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lay Cerna is usually out of bed by 12:30 and in the kitchen by 1:15 or so. Note: those times are both am. Such is the life of a baker, and it’s something Cerna has had to get used to since opening Sweetbox Delivery in November. The company’s baked goods have begun popping up for sale on a regular basis at the downtown coffee shop Atticus and out at the Spokane County Fairgrounds. Sweetbox also will deliver to your workplace, party or other occasion that requires, say, a whole lot of bagels. While it’s not in their wheelhouse, Cerna says they’ll also do smaller orders. “If someone wants just a single cinnamon roll delivered to their door, we’ll do that,” says Cerna, a 29-year-old native of Connell, Wash., who, among other jobs, worked as a real estate agent in Spokane before leaving for Seattle and then Chicago, where he operated a pedicab business. More recently, though, he was the general manager of Dawn of the Donut, Spokane’s zombie-themed bakery. When the business was sold over the summer, Cerna got word that his position would be phased out. He was on vacation at the time and made a quick decision while on the road.

“It was 87 miles of driving after I got word, and I already had a lawyer setting up an LLC for [Sweetbox],” says Cerna. The business began operations out of Kitchen Spokane, a shared industrial cooking space, but soon grew out of that setting and set up shop downtown, underneath Nectar Tasting Room on Stevens Street. Currently, the raspberry cream cheese-filled bagels are the menu favorite, with the mini cinnamon rolls coming in a close second. While the Sweetbox website features a detailed menu, Cerna says the company aims to make what people want rather than try to push anything into the market before there’s a desire for it. And as long as he has 24 to 48 hours notice, Cerna says Sweetbox will get you your baked-good fix. “My mission is to make gaining weight enjoyable,” says Cerna with a laugh. “And it’s a delivery-based bakery because I’m a firm believer that food is always better when it’s delivered to you.” n Sweetbox Delivery • 821-8100 •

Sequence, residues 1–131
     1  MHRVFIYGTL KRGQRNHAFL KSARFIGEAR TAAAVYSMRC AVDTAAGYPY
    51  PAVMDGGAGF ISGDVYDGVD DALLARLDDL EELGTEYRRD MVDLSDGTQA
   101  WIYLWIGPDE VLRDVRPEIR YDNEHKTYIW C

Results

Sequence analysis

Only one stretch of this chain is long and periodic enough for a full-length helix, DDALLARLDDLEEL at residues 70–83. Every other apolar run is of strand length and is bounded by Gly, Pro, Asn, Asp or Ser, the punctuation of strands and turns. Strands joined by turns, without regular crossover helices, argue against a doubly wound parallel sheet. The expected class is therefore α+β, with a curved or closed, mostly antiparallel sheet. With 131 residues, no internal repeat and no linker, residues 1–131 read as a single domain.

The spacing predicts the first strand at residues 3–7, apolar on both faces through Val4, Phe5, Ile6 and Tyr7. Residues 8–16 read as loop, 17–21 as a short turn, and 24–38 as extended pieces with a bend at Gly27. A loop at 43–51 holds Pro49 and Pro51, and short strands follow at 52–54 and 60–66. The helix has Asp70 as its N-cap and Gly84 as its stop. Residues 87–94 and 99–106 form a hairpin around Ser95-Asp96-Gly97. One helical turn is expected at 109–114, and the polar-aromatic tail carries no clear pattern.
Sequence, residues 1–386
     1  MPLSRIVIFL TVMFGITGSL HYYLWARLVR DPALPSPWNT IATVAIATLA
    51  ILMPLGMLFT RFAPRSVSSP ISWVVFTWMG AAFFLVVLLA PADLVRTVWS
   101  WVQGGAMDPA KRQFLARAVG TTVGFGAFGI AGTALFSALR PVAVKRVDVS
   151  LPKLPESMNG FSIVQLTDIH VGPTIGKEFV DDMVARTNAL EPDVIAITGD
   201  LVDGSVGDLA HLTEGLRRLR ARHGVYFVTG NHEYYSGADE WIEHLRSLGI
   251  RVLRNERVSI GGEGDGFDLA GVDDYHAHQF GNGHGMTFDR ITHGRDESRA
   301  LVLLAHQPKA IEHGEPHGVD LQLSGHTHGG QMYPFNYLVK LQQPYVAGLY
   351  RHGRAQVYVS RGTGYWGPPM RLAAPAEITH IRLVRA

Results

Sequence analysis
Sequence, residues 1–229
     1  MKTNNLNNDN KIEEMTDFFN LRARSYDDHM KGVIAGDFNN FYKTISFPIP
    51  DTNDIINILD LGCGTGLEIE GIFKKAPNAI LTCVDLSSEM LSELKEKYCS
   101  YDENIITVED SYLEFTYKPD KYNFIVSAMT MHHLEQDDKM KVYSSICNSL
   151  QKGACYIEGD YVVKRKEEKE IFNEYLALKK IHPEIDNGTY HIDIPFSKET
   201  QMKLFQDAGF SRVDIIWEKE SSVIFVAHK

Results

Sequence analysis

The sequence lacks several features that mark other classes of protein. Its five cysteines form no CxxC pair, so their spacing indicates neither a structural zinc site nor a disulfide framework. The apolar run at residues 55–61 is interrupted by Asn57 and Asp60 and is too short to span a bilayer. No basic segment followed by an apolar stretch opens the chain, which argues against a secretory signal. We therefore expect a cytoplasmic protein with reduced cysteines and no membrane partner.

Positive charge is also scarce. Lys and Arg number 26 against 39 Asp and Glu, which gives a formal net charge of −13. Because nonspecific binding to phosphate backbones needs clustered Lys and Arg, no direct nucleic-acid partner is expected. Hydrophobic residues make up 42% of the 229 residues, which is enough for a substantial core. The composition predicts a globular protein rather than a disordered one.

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Sequel Success